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Regular version of the site
Contacts

Dean — Ivan Arzhantsev

 

First Deputy Dean— Tamara Voznesenskaya

 

Deputy Dean for Research and International Relations - Sergei Obiedkov

 

Deputy Dean for finance and administration - Irina Plisetskaya

 

Dean's office
 

Phone: +7 (495) 772-95-90 * 12332

computerscience@hse.ru

Moscow, 3 Kochnovsky Proezd (near metro station 'Aeroport'). 

Colloquium

For a researcher in a diverse and quickly developing area of knowledge such as computer science, it is important to maintain a broad perspective and strive to understand what colleagues in related fields are studying. This requires a platform where specialists can meet and tell each other about their latest findings in a common language. Such a platform is the Colloquium of HSE's Faculty of Computer Science. This platform is a faculty-wide academic seminar designed for teachers and research staff, graduate and undergraduate students, as well as those who are interested in computer science.

Colloquium meetings are held on Thursdays in the Faculty of Computer Science building at 3 Kochnovsky Proezd, lecture hall Descartes on floor 3.

NB: a somewhat more detailed web page is available in Russian here.

Registration for the Colloquium is open: computerscience@hse.ru 

2017 – 2018

November 28, 16:40 – 18:00 

Vladimir Kolmogorov, IST Austria

Complexity Classifications of Valued Constraint Satisfaction Problems

Classifying complexity of different classes of optimization problems is an important research direction in Theoretical Computer Science. One prominent framework is Valued Constraint Satisfaction Problems (VCSPs) in which the class is parameterized by a "language", i.e. a set of cost functions over a fixed discrete domain. An instance of the problem is an arbitrary sum of functions from the language (possibly with overlapping variables), with the goal to minimize the sum. This framework can capture many classes of optimization problems such as 3-SAT, graph coloring, minimum vertex cover, submodular minimization, and others.

A series of recent papers, culminating with the works of D. Zhuk and A. Bulatov in 2017, has established a complete complexity classification of arbitrary languages. I will describe our contributions to this topic. One of the results is a reduction from general VCSPs to plain CSPs (i.e. to languages with {0, infinity}-valued functions). The key algorithmic tool that we use is a certain LP relaxation of the problem combined with the algorithm for plain CSPs.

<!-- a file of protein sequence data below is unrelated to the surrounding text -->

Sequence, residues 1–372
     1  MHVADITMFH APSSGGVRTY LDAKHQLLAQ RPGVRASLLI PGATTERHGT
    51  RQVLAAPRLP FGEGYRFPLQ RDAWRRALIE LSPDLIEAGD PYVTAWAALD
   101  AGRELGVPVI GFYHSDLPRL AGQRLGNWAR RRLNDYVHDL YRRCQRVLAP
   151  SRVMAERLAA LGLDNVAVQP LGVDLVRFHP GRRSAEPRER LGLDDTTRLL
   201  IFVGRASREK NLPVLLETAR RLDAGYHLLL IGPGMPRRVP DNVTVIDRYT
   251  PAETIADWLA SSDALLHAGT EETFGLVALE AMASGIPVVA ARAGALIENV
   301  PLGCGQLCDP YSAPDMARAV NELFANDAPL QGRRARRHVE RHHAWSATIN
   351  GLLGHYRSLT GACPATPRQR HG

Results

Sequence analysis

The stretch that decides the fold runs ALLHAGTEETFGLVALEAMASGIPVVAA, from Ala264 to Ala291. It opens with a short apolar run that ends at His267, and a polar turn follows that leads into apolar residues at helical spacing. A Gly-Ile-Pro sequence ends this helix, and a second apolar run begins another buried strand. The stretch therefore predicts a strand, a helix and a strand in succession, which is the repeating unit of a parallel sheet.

In the second part of the talk, I will consider a version of the CSP framework where each variable must appear in exactly two constraints. It captures, in particular, the class of perfect matching problems, which can be solved by the Edmonds's blossom-shrinking algorithm. I will present a generalization of this algorithm that can handle "even Delta-matroid constraints". As a consequence of this, we settle the complexity classification of planar Boolean CSPs started by Dvořák and Kupec.

Colloquium

Venue:

Moscow, Kochnovsky pr.,3, room 205, 16:40 
Everyone interested is welcome to attend. 
If you need a pass to HSE, please contact computerscience@hse.ru


November 28,18:10 – 19:30 

Andrea Burattin, DTU, Denmark

Online Process Mining

Process mining analyses data referring to executions of (business) processes. Typical approaches analyse historical execution data post-hoc, while online process mining aims at inferring information for running executions based "live data". Online mining carries scientific and computational challenges, since the processing has to take place immediately when events are emitted, possibly at very high speed. The benefits, however, are very relevant: online mining provides immediate knowledge on what is happening, thus detecting very early if the system is properly behaving and how its users interact with it. In this talk we focus on the online discovery of processes and how they evolve over time. Secondly, we present online conformance checking: detecting if – and to what extent – running executions are deviating from the reference behaviour they are supposed to follow.

Colloquium

Venue:

Moscow, Kochnovsky pr.,3, room 205, 18:10 
Everyone interested is welcome to attend.  
If you need a pass to HSE, please contact computerscience@hse.ru


September 11, 18:10 – 19:30 

Wray Buntine, Monash University

Learning on networks of distributions for discrete data

I will motivate the talk by reviewing some state of the art models for problems like matrix factorisation models for link prediction and tweet clustering. Then I will review the classes of distributions that can be strung together in networks to generate discrete data. This allows a rich class of models that, in its simplest form, covers things like Poisson matrix factorisation, Latent Dirichlet allocation, and Stochastic block models, but, more generally, covers complex hierarchical models on network and text data. The distributions covered include so-called non-parametric distributions such as the Gamma process. Accompanying these are a set of collapsing and augmentation techniques that are used to generate fast Gibbs samplers for many models in this class. To complete this picture, turning complex network models into fast Gibbs samplers, I will illustrate our recent methods of doing matrix factorisation with side information (e.g., GloVe word embeddings), done for link prediction, for instance, for citation networks.

Colloquium

Venue:

Moscow, Kochnovsky pr.,3, room 317, 18:10
Everyone interested is welcome to attend.
If you need a pass to HSE, please contact computerscience@hse.ru

Сolloquium in 2016/2017

Сolloquium in 2015/2016